With regard to Sweden, “the ratings reflect the Swedish authorities’ long-standing commitment to sound public finances and reforms promoting economic growth and prosperity,” an S&P statement said.
“Sweden has a prosperous, competitive, and resilient economy, supported by a skilled workforce, high labor-participation rates, and predictable and transparent institutions,” the statement added.
S&P said it was not concerned that Sweden expected to post a public deficit equivalent to 0.6 percent of output next year, explaining that “over the medium term, we forecast the fiscal position will return to surplus.”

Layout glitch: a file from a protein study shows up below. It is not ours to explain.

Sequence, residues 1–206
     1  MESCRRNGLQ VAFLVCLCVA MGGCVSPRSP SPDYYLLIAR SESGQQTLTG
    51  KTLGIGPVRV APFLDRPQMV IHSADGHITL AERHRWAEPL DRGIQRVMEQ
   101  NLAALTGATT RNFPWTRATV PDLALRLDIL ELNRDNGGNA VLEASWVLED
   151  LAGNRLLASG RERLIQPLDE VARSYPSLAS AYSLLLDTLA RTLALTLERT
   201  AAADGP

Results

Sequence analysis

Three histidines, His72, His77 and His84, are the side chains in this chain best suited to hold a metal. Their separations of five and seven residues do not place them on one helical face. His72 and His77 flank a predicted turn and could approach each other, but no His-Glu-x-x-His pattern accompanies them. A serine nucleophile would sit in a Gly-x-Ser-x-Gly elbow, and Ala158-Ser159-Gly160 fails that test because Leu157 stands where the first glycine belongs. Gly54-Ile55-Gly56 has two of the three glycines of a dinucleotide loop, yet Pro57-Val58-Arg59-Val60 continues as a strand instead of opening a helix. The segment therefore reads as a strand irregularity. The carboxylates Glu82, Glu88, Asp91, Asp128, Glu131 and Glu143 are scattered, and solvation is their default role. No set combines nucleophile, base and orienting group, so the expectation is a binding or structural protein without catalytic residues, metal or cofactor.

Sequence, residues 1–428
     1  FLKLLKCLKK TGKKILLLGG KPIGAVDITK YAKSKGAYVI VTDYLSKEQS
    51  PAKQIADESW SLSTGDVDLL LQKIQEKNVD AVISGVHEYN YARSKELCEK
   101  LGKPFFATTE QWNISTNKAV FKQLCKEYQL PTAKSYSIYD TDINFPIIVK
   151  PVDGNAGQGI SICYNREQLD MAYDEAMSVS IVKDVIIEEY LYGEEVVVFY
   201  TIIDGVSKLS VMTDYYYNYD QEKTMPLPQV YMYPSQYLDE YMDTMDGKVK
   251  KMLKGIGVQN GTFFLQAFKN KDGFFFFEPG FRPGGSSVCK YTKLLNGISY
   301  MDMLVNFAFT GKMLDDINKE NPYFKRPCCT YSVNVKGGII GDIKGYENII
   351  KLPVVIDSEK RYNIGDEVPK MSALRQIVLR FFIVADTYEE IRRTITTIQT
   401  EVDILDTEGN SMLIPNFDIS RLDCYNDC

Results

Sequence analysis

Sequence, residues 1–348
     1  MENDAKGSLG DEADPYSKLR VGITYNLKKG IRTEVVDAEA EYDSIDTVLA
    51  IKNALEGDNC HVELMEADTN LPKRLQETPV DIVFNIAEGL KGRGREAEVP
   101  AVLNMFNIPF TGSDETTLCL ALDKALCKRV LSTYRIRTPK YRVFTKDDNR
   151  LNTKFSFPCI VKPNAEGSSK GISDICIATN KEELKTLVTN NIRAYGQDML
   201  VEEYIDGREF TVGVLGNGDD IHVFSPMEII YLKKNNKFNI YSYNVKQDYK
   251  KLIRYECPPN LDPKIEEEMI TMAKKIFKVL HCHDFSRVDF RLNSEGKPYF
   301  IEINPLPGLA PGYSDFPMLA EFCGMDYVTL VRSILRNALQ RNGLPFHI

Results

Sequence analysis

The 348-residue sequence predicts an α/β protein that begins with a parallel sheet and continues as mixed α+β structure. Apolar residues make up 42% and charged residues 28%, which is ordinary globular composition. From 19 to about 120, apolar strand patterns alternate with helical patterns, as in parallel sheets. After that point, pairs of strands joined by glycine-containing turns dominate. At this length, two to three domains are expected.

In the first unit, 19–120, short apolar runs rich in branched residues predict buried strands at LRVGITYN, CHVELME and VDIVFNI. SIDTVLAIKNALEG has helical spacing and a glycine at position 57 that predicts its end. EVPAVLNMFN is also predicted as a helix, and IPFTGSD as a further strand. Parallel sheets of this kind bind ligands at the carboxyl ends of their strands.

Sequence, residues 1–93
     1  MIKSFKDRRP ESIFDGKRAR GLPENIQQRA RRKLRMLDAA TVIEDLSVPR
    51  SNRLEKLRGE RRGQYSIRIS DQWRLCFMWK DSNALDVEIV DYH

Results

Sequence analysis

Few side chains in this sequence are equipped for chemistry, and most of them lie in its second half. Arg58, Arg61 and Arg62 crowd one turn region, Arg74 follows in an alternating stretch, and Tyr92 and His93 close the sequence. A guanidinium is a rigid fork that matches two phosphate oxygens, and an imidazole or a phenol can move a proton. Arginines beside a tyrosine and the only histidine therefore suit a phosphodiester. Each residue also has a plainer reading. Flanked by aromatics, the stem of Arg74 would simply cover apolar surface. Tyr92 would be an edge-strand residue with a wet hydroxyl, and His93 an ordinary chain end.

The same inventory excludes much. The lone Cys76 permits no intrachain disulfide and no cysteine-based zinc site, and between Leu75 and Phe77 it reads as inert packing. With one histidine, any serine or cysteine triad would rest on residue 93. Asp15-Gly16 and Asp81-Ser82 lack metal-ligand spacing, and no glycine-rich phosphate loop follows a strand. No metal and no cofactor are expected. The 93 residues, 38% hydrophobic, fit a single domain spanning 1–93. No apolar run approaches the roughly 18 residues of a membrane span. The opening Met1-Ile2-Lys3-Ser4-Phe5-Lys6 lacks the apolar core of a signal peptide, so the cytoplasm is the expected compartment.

Sweden is one of the few European countries to show a decline in public debt, and has forecast it will fall to 36.9 percent of gross domestic product in 2013, from 37.7 percent of GDP this year.
Turning to Sweden’s neighbour, Denmark, S&P underscored in a separate statement “the government’s long-standing commitment to fiscal discipline and growth-oriented macroeconomic policies, which have helped to put the country in a net external asset position.”
S&P noted that the Danish government has substantial borrowing needs, but added that “its net external debt position has improved steadily since 2009.”
The ratings agency said: “In our opinion, the Danish government will consolidate its fiscal position in 2013.”